“Extreme Effort” in order to keep it relevant as higher level ability, suggest it scales as well. Since its function seems to be mostly that of size (minus stat increases), could simply word it as such, and that Enforcer counts as “X sizes” over time. Getting scaling increases, and stacking it with even normal size (if for some reason a naturally colossal Enforcer exits, then go nuts).

    “Firm Grip” seems minor enough could conflate such benefit(s) to the above ability, so that it also scales over time with CMD bonuses (and to keep up against increasingly larger opposition which use CMD against).

    “Focused Violence” seems to be the equivalent of a low level buff spell. Though it scales to keep relevance, likely function better to simply remove it turning off when choosing a new foe. Simply just requiring a swift action to have “+x damage” against a specific target fulfilling its design intent, and remaining appealing through all levels of play.

    “Glancing Blow” seems wouldn’t be unbalancing to just simply wave the “half damage” bit after low level play. Albeit at higher levels Enforcers be unlikely to miss, or have need for this ability.

    “Gouging Assault” Potential SoD-like effect, fitting for all levels of play as it has a scaling DC.

    “Monkey Wrench” Enforcer lacks the “Disable Device” skill to make full use of this ability.

    “Pulverize” seems like it would be cooler addition to add to “Monkey Wrench”, given its minor function. Alternatively, might be better if it just ignored Hardness altogether to be its own ability.

    “Supreme Effort” seems like it would be more fitting under the ability it references, simply gaining it at 10th, opposed to forcing a cost-tax at that point. Similar point with “Vicious Gouge”, and likely any other ability that then follows this formula.

    *****I will now be referencing “Enforcer Talents” Abilities attained at 3rd, 7th,10th,13th,16th, and 19th. Thusly should fall into assumption they are level appropriate abilities for those levels (or least most of them):

    “Armored Evasion” Seems like a tax when already must take Evasion. At low levels it would be a stronger version of Evasion, but at higher levels the difference likely be minimal to allowing Enforcers to wear armor with Evasion.

    “Classic Education” Enforcer lacks the “Knowledge” class skill to make full use of this ability.

    “Crafty Defense” I’m a bit iffy on, I believe D&D’s swashbuckler allowed +Int to AC in Light Armor, so no need for Max Dex limitation possibly. As given that restriction, may never come up, or means Enforcers wear Light armor, putting it in comparison to the D&D Swashbuckler, and/or other classes with an ability of ‘+stat to AC in light armor bit’.

    “Crafty Moves” decent stat switcher, albeit may suggest just switching all such skills if Enforcer PC desires, wouldn’t harm any state of balance, and keeps it more relevant past 3rd.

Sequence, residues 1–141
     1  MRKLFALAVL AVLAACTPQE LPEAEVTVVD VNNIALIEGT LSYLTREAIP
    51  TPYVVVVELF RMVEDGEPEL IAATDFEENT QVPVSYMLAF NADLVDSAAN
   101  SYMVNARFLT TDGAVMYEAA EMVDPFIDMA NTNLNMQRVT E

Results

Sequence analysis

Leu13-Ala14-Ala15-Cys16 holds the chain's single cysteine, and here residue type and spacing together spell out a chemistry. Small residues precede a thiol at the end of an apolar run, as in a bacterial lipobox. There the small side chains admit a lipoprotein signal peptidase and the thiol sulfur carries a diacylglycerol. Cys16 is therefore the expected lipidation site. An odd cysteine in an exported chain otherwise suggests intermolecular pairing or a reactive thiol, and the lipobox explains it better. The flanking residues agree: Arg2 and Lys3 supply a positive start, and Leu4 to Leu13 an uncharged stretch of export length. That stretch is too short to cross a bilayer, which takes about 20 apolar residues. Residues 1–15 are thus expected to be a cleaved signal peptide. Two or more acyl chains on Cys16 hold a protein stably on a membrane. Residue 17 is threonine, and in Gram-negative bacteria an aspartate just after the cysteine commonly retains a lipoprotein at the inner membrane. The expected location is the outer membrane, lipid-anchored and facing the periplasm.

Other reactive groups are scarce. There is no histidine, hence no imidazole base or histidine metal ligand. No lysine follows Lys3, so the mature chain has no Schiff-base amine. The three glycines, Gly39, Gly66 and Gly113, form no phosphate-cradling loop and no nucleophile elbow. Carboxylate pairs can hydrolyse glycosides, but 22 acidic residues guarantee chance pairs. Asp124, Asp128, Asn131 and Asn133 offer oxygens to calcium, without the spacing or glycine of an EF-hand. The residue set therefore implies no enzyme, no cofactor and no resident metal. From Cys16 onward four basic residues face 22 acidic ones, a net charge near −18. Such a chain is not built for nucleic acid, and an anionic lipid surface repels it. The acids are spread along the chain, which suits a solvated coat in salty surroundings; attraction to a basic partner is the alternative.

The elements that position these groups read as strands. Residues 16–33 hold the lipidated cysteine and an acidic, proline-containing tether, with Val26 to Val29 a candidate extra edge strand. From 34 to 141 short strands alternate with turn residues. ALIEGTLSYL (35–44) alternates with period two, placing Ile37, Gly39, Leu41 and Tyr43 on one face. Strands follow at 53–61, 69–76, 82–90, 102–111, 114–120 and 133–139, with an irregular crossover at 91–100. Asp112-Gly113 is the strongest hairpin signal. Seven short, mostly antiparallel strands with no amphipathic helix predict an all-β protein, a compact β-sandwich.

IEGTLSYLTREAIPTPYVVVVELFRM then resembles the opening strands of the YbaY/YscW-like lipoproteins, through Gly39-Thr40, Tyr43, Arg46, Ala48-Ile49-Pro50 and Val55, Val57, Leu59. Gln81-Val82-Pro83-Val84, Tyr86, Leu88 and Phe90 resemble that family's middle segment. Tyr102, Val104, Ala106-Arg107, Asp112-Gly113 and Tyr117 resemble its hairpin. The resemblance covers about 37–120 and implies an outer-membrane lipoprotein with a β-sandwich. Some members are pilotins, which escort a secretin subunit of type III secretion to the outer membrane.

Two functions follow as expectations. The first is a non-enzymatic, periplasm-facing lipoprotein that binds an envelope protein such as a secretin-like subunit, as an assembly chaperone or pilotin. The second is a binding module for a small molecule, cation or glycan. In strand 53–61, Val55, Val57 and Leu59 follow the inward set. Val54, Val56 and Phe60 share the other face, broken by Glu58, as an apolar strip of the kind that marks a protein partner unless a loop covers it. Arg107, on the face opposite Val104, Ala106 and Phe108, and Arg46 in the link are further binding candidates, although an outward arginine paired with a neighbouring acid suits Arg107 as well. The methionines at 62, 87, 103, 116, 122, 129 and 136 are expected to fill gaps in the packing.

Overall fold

“Potential Menace” clause seems well put, to ensure The class doesn’t “farm for Menace” shenanigans. Although already a hard cap, so any “abuse” would not likely harm the balance of the game.
    /Enforcer Talents

    It seems these abilities are generally useful throughout all levels of play. However by themselves, don’t seem to lend to allowing the undertaking of challenges from 1-20th. Such as striking a Ghost at 3rd, Flight at 5th (or constant flight at 10th), Ability to deal with long ranged attackers effectively (including when same threats attain flight at mid & higher), as well ability to bring targets to them if they are using Melee options (despite there are some ranged options available). Ability to deal with Wall/Forcecage like effects (more common than one might think), albeit can deal with “condition-based” effects like entangled.

    Anycase, seems the class would be better with some of the improvements above, adding on abilities to undertake on higher level challenges, and Brevity all around in its entirety, to make it easier to read.

    Lastly the capstone ability for 20th level isn’t indicative of a 20th level ability. A constant “take a 10” is an ability that’s been granted as a feat in D&D own history, constant use of that, isn’t remotely that meaningful compared to other 20th level ablities (take at look at any 7th-9th level spells for example. Flavor aside, spellcasters are classes most consistent with the CR system). I KNOW its a minor point, since nobody goes to 20th anyway, but all the more reason that it’ll never see use, where 9-10lvs ago, would’ve been far more useful.

    NOTE: Any mentions of Spellcasters, is for the intent of as a balance point. Referring to classes most consistent with the CR system of the game, its challenges combat/non-combat, and NOT the flavor of such classes. So thusly, casters being “rare” is not a justification or argument for any class to fail to be level appropriate across all ranges of play (least nowadays 1-12th-ish, but I’d expect “all” from a professional standpoint).

  2. I am presuming the same bab and save progression as the original enforcer? Unless I am missing something this revision doesn’t specify.